You searched for: “faint
1. Not bright, clear, or loud.
2. Done feebly and without conviction.
3. Dizzy or weak, as if about to become unconscious.
4. Etymology: "lacking in courage", now mostly in faint-hearted (mid-15th century), from Old French feint, "soft, weak, sluggish"; the past participle verb form of feindre, "hesitate, falter, be indolent, show weakness, avoid one's duty by pretending".

Don't confuse the spelling of faint and feint, which have similar sounds.

Faint, the more frequent in usage of the two words, can be used as an adjective meaning "dizzy, weak" or "slight"; such as, in "to feel faint, a faint smell, a faint chance"; or as a noun or verb referring to a sudden loss of consciousness.

Feint is a noun or verb referring to "a deceptive action in a sport" or "in combat".

This entry is located in the following unit: figur-; fig- (page 1)
faint, faint, feint
faint (FAYNT) (adjective)
Concerning someone who has little strength or vigor; dizzy, light headed: After hearing about the death of her son, Marilyn was quite faint.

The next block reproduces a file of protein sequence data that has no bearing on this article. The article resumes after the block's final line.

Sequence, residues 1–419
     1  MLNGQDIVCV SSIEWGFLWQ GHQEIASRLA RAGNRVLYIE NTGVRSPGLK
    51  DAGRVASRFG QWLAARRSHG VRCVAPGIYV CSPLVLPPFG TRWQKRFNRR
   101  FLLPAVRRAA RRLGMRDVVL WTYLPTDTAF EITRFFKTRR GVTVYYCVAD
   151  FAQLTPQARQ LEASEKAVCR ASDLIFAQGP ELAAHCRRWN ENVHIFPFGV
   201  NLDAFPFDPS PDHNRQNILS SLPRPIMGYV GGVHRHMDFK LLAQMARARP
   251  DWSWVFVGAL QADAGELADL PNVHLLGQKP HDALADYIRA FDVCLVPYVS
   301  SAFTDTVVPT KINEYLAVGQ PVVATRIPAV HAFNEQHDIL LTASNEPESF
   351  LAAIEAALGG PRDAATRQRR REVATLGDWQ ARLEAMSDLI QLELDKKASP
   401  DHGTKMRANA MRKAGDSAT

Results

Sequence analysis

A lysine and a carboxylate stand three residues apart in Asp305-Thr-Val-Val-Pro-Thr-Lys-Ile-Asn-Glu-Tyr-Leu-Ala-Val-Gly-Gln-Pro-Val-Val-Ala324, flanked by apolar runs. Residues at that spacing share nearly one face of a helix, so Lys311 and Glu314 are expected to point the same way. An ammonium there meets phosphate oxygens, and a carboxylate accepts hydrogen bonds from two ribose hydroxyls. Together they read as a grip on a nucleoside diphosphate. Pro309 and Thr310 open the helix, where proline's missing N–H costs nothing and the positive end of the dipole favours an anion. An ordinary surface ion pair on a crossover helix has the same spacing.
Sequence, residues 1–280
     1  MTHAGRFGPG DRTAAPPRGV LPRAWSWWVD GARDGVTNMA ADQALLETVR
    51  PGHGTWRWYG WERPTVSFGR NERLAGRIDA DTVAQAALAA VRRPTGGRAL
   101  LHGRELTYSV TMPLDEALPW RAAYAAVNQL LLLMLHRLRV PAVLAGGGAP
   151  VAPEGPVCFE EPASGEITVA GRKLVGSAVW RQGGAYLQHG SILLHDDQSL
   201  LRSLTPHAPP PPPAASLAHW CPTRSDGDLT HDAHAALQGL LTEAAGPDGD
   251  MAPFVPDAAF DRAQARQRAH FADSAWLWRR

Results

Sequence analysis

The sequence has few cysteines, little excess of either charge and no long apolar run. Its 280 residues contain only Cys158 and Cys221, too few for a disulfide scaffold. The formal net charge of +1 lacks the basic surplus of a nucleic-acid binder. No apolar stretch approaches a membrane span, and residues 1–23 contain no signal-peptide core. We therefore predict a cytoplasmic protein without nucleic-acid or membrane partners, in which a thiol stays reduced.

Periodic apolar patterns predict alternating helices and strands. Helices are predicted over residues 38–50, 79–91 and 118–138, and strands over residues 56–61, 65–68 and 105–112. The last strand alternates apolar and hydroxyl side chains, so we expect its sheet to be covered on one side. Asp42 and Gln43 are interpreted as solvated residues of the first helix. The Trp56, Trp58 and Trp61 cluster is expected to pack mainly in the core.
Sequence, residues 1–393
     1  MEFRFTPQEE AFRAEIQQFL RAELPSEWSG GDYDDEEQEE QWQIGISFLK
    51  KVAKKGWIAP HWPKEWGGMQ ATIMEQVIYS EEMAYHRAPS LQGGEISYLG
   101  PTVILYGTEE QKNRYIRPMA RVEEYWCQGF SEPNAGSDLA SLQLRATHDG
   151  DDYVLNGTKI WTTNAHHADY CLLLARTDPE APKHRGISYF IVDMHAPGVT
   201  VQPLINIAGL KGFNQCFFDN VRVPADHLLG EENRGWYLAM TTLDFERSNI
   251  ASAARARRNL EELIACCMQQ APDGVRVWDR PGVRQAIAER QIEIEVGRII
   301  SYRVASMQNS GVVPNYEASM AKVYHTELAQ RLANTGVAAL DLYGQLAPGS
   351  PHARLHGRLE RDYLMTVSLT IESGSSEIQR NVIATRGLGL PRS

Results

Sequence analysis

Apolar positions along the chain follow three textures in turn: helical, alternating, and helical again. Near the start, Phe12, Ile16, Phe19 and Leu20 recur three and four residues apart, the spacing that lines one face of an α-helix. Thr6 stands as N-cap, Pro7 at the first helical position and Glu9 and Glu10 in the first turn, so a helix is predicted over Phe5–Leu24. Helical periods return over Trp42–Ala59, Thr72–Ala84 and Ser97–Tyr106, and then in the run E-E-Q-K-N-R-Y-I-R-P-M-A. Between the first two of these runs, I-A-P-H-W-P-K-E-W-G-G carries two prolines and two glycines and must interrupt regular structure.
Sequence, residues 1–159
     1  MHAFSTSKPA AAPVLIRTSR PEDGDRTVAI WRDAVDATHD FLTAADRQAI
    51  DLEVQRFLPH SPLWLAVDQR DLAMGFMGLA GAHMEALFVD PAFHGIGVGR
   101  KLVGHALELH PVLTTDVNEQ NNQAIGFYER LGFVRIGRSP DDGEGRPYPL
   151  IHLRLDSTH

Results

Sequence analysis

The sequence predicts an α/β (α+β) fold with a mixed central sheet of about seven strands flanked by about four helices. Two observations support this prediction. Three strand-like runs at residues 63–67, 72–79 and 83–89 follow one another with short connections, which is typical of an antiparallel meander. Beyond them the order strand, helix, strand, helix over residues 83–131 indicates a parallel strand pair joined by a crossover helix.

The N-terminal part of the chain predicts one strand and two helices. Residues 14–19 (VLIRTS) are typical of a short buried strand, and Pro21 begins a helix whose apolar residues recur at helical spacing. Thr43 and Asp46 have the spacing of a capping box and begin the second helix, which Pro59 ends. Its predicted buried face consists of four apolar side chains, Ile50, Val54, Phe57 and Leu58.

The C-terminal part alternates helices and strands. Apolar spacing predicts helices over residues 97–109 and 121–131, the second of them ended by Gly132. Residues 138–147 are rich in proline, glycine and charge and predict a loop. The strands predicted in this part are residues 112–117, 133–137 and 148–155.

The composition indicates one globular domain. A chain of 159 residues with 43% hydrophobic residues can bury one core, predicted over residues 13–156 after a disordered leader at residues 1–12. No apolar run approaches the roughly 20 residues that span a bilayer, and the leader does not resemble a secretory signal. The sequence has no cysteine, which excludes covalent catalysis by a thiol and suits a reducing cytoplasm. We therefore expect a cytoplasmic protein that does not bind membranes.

faint (FAYNT) (noun)
Loss of consciousness: While Jodie was watering her flowers, her neighbor saw her suddenly pass out in a faint on the grass.
feint (FAYNT) (noun)
Trick, ruse, stratagem; a misleading movement or attack directed toward one part to draw defensive action away from the actual target or objective: The baseball pitcher usually made a feint just before he threw the ball to first base.

Christi thought she would faint when she saw her friend feint a heart attack and fall to the floor.

(Latin: to fear; faint-hearted, cowardly)